Painted mission-brown, and made from galvanised steel, our gutters probably came with the house in 1965. However, as much as I love mid-century modern, gutters that leave puddles of water in front of the back door for me to step in, instead of delivering said water into the water tanks, is not cool. They had to be replaced, and soon.
Cheap Geek and I opted for continuous guttering in Colourbond steel. It was a little bit more expensive than the traditional ‘stick-length’ guttering, but it meant less wastage on installation. We also requested wider-than-standard downpipes. Downpipes with a large diameter should be able to cope better with a future climate-change-related ‘increase in the number and intensity of extreme rainfall events’ (via CSIRO)*.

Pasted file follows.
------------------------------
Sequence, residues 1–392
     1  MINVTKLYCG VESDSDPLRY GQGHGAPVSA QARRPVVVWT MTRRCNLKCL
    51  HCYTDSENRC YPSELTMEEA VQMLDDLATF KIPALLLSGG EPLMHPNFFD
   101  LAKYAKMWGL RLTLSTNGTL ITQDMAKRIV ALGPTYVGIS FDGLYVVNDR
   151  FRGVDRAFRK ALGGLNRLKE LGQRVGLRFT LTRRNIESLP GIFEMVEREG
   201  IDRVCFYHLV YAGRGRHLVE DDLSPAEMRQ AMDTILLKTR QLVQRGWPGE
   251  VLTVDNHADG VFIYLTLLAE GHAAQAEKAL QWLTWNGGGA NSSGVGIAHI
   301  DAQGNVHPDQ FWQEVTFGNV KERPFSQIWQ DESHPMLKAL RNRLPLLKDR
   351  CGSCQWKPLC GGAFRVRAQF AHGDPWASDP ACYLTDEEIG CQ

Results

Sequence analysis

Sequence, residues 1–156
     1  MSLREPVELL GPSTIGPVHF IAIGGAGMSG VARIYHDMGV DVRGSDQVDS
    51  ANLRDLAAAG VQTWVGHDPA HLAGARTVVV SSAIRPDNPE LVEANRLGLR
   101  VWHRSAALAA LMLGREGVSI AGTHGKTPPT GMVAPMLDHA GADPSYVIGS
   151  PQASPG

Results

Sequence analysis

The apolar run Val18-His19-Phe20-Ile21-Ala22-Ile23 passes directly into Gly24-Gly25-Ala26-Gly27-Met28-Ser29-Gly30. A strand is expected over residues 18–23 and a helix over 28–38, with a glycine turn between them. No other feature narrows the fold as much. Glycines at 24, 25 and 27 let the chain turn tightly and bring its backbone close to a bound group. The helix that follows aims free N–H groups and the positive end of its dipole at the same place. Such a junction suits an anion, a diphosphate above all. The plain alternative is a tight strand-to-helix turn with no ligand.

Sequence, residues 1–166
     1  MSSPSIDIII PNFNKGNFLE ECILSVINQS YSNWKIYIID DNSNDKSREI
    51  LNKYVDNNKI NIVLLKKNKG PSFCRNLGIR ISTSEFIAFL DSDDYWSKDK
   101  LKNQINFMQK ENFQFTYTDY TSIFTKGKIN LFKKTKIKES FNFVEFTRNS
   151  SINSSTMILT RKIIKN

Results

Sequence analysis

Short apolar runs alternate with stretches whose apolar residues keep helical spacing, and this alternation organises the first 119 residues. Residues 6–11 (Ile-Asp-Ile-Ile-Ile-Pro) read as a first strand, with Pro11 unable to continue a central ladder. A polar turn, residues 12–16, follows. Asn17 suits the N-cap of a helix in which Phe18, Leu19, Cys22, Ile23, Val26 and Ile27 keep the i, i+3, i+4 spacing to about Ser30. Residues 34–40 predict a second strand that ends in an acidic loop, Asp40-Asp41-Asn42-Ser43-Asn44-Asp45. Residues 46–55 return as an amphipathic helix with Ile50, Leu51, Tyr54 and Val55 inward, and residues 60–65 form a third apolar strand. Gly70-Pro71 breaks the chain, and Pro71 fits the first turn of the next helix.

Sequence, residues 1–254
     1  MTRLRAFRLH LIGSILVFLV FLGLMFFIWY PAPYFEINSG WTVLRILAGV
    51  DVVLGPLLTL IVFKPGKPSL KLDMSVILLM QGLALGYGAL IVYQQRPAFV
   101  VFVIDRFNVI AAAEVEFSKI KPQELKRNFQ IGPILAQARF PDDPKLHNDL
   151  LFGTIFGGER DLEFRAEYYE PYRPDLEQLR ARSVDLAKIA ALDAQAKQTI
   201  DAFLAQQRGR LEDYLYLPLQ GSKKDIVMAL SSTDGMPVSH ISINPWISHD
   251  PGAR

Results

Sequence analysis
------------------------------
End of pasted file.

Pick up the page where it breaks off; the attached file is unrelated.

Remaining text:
The gutters went up 2 weeks ago and there are no more leaks on the back porch! We also found out from Alan Cuthbertson, a Sustainable House Day 2015 host, that drying your clothes inside in winter is a dumb idea: wet clothes on a clothes horse is pretty much a primitive evaporative cooling system. Chris Woodford from ExplainThatStuff! whilst detailing the science behind drying clothes, notes
…no matter how you dry clothes, you have to put in energy from somewhere to evaporate the water. Dry things outside and that energy comes for free from the Sun and the wind. Dry things on indoor radiators and the energy comes from your stove, gas boiler, or heating system. The laws of physics tell us that you cannot dry clothes for free indoors: the energy has to come from somewhere.
So drying the clothes on a non-leaky porch should, in theory, help reduce our heating costs. New guttering FTW!
*Thankyou Michael Mobbs for highlighting the need to prepare for climate-change-related storm events.